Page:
Everyone deserves access to fresh produce and our gardens make that possible! All the produce grown at Target Hunger’s gardens goes directly to people who need food assistance.

Green Mountain Energy Sun Club Shotwell Garden 

The above ground container garden is situated at our main warehouse in Denver Harbor and features 2,400 crates for planting, a 3,000-gallon rainwater catchment system, a 72 sq. ft. green house, and a planned composting facility. At this garden we collect rainwater off the nearby shed to provide water for the entire garden – utilizing a natural resource that would otherwise go unused and saves both money and time. This garden was completed in Spring 2021 and we anticipate the yield to grow with each year of operation. We are grateful for the support of Green Mountain Energy Sun Club for underwriting a grant to make this garden possible.


Willie H. & Gladys R. Goffney Community Garden

This garden started in 1989 is situated on two acres and located in Kashmere Gardens. It features a wash station, a composting facility, and 100 beds that provide thousands of pounds of organically grown produce to the community. The large garden gives volunteers and clients the opportunity to grow nutritious produce to benefit themselves, their neighbors, and Target Hunger food pantries. All of the produce will be distributed to families in need of food assistance.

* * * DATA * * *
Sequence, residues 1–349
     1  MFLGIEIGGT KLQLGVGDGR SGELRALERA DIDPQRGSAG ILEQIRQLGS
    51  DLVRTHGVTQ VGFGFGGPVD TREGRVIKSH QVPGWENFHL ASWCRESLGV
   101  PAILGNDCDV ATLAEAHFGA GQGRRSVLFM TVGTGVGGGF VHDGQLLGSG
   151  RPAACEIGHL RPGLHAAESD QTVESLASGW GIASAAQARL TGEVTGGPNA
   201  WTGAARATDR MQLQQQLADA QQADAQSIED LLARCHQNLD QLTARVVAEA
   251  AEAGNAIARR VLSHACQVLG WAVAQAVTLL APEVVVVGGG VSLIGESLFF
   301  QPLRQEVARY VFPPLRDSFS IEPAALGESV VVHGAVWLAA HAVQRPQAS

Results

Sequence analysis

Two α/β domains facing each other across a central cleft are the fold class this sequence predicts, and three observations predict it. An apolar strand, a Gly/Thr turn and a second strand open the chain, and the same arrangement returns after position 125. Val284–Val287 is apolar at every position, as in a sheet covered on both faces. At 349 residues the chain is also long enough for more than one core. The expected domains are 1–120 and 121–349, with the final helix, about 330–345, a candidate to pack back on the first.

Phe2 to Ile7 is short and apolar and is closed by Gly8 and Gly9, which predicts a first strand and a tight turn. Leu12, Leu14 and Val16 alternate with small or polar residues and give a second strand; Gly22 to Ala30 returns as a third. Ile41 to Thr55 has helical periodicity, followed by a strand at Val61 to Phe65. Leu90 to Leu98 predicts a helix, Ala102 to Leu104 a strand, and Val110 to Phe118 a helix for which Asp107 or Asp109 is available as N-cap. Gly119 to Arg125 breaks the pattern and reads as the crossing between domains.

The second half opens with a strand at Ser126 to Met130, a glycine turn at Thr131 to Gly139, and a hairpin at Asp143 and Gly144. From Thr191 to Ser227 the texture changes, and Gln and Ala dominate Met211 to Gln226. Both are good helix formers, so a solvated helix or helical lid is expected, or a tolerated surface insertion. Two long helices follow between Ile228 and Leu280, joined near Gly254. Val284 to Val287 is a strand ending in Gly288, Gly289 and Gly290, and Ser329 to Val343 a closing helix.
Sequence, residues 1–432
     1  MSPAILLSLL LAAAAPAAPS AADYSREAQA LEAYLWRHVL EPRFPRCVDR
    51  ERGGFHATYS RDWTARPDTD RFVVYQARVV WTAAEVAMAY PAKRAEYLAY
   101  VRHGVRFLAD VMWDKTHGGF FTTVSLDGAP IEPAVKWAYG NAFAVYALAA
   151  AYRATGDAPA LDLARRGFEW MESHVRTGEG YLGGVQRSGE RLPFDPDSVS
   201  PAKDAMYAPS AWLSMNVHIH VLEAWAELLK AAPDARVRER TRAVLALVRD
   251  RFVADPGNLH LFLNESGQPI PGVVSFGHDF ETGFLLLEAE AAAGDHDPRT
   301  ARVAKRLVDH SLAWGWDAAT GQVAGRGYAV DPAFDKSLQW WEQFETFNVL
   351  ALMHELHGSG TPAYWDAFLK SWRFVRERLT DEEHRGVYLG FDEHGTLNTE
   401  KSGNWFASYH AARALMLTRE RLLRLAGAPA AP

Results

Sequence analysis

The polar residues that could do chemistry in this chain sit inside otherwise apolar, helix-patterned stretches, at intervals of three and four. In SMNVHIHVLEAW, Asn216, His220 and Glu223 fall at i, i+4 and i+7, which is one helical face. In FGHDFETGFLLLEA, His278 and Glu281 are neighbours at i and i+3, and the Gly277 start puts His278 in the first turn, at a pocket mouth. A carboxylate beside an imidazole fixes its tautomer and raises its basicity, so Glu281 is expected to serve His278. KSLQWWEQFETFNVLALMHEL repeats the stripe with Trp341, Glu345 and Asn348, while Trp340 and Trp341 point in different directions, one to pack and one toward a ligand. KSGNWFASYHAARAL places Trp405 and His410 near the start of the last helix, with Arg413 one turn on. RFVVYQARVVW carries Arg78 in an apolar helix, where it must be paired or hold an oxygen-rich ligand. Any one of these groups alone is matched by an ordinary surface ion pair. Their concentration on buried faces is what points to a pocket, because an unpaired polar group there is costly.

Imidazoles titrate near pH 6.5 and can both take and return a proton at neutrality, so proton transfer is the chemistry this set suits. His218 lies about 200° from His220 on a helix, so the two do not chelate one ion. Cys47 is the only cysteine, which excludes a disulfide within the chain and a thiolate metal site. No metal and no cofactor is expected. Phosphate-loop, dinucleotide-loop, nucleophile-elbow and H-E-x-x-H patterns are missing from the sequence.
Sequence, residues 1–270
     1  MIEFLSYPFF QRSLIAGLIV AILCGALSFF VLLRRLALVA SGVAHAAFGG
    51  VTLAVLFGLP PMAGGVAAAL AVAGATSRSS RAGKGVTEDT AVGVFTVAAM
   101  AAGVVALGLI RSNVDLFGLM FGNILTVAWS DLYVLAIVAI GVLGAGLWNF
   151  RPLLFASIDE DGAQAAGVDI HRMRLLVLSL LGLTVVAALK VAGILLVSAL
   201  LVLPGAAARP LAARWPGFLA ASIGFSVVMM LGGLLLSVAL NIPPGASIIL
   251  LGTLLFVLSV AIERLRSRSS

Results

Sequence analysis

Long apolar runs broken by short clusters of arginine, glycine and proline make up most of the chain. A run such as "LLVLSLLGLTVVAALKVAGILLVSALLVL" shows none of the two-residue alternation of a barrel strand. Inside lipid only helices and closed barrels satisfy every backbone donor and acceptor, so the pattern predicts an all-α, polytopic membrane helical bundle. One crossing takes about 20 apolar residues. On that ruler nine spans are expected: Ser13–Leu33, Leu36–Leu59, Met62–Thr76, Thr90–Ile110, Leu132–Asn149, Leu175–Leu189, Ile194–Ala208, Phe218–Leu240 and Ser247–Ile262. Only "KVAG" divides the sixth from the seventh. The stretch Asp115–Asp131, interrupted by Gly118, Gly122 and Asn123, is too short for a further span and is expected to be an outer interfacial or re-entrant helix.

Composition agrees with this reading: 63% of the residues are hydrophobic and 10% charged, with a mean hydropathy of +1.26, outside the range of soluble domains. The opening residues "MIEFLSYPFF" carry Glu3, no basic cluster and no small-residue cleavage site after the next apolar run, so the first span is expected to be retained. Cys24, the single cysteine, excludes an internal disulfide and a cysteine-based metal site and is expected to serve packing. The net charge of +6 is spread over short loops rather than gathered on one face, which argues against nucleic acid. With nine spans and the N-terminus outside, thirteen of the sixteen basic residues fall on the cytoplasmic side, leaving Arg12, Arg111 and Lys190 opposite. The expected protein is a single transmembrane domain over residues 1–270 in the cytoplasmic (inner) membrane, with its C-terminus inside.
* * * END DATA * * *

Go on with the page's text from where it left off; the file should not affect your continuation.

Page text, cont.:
Volunteers are needed to help our garden continue to grow!

Both individuals and teams who volunteer in the gardens may assist in many ways such as: building garden beds, turning soil, weeding, planting, watering, harvesting, maintenance, and special projects.

If you would like to volunteer, please contact our team at volunteer@targethunger.org.

A Bright (Green) Future!

The vision for our gardening program is to have a space that provides community members with the opportunity to find out where their food comes from, how to grow it, and how to turn it into healthy and affordable meals. In the future, Target Hunger hopes to offer gardening workshops to provide participants and community members with more opportunities to gain self-sufficiency skills. A bountiful harvest is one measure of success, but ultimately and most importantly, our success will be measured by the growth of new relationships and teaching our community useful skills.